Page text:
GIT - configuration


Is it possible to use include statements in .gitconfig ?

Yes, this is possible since Git 1.7.10 :
	path = path/to/the/other/gitConfigurationFile
This comes with some instructions :
  • the expansion of $HOME is not supported
  • ~ is supported since Git
  • relative paths are relative to the file having the [include] statement
  • chaining [include]s is permitted
  • files not found are silently ignored. To make sure files were actually included, list all your git settings with git config --list


	email	=
	name	= Thomas ANDERSON

	template = ~/.gitCommitTemplate

	# Use better, descriptive initials (c, i, w) instead of a/b (source) :
	#	c : 'Commit' (most often: HEAD)
	#	i : 'Index' (aka: staging area)
	#	w : 'Working directory'
	mnemonicPrefix = true
	colorMoved = blocks

	conflictStyle = diff3

	a	= add
	ap	= add --patch
	b	= branch
	co	= commit
	cane	= commit --amend --no-edit

	d	= diff			# highlight differences (at line level) with green/red and +/-
#	d	= diff --color-words	# highlight differences (at word level) with green/red but without +/-
					# NB : a 'word' is anything but whitespaces, so '--color-words'
					# may show nothing (ignoring whitespaces) while 'git status' list some changed files.

	ds	= diff --staged

	l	= ls-files
	l1	= log --oneline
	lf	= log --name-status
	lg	= log --all --graph --abbrev-commit --decorate --date=iso --format=format:'%C(yellow)%h%C(reset) %C(white)%s%C(reset) %C(blue)%an%C(reset)%C(bold yellow)%d%C(reset) %C(magenta)(%ad)%C(reset)'
	# (source)

	s	= status --untracked-files=no

	# show root dir of the current repository
	showrootdir	= rev-parse --show-toplevel
	srd		= showrootdir

	# count commits (yesterday / today / total) (inspired by)
	cc = "!f() { yesterday=$(date --date 'now -1 days' +'%a %b %-d ..:..:.. %Y'); today=$(date +'%a %b %-d ..:..:.. %Y'); nbCommitsYesterday=$(git log | grep -Ec \"$yesterday\"); nbCommitsToday=$(git log | grep -Ec \"$today\"); nbCommitsTotal=$(git rev-list HEAD --count); echo \"yesterday/today/total\n$nbCommitsYesterday/$nbCommitsToday/$nbCommitsTotal\" | column -s '/' -t; }; f"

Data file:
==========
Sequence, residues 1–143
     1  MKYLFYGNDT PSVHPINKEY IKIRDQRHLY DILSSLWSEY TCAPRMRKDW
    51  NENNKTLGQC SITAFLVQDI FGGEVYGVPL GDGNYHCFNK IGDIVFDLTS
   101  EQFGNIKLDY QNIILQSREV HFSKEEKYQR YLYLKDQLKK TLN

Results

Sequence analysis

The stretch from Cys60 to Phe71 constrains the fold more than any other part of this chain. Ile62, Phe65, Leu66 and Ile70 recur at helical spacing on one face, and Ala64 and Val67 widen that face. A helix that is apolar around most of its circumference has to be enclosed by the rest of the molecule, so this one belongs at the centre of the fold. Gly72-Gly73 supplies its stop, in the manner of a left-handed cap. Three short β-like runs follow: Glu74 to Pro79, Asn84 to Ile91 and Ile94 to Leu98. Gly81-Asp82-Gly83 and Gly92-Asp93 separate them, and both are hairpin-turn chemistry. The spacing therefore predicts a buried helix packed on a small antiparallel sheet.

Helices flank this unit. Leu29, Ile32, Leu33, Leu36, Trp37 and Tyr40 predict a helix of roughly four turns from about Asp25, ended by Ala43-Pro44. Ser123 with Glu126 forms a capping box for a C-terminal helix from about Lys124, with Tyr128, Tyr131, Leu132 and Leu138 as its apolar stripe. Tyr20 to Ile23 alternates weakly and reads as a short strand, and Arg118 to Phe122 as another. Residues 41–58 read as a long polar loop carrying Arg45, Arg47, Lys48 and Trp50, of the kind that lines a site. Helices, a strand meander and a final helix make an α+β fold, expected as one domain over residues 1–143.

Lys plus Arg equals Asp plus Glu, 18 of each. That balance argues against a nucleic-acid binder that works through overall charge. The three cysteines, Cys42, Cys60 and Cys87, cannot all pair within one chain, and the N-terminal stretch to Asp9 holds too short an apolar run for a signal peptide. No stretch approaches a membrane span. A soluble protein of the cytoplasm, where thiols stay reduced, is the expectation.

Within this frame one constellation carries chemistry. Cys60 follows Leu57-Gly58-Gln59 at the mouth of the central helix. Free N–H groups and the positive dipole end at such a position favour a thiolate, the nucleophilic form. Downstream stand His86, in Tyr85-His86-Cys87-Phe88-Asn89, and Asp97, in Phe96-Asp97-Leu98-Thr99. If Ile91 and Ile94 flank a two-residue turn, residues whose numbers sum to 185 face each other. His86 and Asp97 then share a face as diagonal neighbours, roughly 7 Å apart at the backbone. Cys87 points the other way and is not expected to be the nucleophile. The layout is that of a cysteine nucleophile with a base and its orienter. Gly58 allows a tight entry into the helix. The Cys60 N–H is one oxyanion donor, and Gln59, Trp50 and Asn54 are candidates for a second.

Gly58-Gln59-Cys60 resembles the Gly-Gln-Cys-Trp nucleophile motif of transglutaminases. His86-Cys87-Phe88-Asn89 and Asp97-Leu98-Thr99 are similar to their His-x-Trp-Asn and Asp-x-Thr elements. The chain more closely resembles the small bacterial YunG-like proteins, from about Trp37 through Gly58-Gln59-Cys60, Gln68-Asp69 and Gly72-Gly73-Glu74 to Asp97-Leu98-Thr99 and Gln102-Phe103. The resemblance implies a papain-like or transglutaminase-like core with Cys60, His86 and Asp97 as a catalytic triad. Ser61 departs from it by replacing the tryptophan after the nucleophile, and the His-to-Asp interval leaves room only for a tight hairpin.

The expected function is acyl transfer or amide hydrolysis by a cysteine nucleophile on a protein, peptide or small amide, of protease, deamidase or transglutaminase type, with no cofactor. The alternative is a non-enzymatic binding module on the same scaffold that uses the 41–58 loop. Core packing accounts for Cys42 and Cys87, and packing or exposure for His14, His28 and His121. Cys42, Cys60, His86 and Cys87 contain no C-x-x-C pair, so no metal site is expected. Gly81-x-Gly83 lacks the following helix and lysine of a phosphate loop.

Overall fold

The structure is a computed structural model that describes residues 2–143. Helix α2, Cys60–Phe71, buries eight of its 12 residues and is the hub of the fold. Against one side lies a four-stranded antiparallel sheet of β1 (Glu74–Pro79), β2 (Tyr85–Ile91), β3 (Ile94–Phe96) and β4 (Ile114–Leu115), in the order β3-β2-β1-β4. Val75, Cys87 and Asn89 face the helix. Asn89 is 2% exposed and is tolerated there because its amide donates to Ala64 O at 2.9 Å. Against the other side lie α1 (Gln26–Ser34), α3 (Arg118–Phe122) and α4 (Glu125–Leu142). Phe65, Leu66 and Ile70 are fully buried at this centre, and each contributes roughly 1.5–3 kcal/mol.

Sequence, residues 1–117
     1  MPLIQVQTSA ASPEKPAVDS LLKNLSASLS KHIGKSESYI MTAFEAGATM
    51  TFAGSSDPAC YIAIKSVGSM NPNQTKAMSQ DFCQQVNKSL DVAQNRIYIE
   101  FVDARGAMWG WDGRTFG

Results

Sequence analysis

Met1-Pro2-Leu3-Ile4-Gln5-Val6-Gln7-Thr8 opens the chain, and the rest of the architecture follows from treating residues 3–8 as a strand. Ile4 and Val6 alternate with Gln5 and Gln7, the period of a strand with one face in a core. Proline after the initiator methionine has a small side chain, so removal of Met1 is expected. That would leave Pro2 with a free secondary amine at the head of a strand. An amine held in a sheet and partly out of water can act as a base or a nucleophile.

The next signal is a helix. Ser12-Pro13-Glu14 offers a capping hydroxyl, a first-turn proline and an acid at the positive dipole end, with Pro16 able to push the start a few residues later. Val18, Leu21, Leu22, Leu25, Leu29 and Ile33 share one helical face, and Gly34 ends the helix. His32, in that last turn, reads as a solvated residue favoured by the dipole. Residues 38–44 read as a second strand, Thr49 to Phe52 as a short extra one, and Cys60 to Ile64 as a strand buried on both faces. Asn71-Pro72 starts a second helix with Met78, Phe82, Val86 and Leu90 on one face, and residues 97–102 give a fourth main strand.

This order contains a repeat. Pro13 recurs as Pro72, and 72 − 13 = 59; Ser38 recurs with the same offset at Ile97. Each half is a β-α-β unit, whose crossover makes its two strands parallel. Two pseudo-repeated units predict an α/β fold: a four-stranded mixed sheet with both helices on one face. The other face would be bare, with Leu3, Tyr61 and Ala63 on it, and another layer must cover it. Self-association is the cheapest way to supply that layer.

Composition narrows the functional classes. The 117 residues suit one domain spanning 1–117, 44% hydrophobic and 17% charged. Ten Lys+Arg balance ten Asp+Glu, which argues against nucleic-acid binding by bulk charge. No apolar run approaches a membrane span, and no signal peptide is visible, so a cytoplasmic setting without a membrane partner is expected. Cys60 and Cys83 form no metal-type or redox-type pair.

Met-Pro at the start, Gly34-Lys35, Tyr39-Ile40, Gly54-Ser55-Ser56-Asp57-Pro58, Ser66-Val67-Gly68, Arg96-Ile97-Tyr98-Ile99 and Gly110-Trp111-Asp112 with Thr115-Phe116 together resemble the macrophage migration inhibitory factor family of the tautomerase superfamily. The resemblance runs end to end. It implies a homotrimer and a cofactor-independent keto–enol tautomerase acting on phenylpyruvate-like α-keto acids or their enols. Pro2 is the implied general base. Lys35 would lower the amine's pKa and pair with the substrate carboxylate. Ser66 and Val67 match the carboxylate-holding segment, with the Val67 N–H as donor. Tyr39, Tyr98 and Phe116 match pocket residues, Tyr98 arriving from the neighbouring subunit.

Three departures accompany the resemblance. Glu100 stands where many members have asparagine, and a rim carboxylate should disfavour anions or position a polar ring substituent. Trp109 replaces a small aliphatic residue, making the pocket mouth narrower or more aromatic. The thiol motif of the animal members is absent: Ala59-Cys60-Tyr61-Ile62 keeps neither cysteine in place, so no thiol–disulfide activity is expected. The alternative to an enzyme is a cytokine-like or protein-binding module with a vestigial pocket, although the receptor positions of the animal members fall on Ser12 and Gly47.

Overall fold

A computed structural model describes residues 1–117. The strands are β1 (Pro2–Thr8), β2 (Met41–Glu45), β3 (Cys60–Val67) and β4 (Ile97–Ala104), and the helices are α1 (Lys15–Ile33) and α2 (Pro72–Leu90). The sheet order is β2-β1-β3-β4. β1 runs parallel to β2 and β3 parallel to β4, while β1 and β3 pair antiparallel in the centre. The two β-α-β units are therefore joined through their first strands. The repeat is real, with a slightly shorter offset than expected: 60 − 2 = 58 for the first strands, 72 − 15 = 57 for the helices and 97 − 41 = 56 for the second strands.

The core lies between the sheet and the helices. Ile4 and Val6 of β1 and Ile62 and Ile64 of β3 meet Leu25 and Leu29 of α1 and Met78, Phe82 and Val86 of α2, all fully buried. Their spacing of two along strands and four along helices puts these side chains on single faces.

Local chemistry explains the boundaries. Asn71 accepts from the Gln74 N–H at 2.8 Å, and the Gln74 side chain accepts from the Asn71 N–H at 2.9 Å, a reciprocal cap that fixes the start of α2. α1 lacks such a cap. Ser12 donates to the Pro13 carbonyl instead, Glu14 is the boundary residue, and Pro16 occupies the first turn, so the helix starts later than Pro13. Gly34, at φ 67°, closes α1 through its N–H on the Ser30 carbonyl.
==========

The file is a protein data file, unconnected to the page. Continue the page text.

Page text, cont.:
# squash commits, quicker than 'git rebase -i HEAD~n' (defaults to 'HEAD~2' if number not specified)
	squash = "!f() { git rebase -i HEAD~${1:-2}; }; f"
	sq	= squash

	rebase = true	# turn "git pull" into "git pull --rebase" automatically
			# (i.e. "git pull" = "git fetch" + "git merge origin/master")
			# This produces a linear history (my commit came after all commits that were pushed before it,
			# instead of being developed in parallel). It makes history visualization much simpler and git bisect easier to see and understand.

	branch	= auto
	diff	= auto
	status	= auto

[color "diff"]	# available colors + attributes
	new = bold green
	old = bold red
	newMoved = dim green
	oldMoved = dim red

	helper = cache --timeout=3600

Use a template for better commit messages

Good commit messages are important because we tend to use them to describe To keep this in mind at the time of writing a commit messages, let's setup a template !
  1. create the template file : touch ~/.gitCommitTemplate
    You can name and store it the way you like : you'll have to specify its path+name to register it at the end .
  2. define your own template. For inspiration, here is my current template.
  3. register it :
    • git config --global commit.template ~/.gitCommitTemplate
    • OR: append to ~/.gitconfig :
      	template = /home/bob/.gitCommitTemplate
  4. Enjoy


.gitignore is used to list : that we don't want Git to track.

Syntax rules :

Let's go with a commented example, since :
An example is worth 1000 words.
					blank lines can be used for readability
# exclude LaTeX .aux files		lines starting with a # are comments

# include ".*aux$" directories		I explain what I mean with regex, but these are not supported here 
!*aux/					! negates the corresponding rule (i.e. includes the matched files)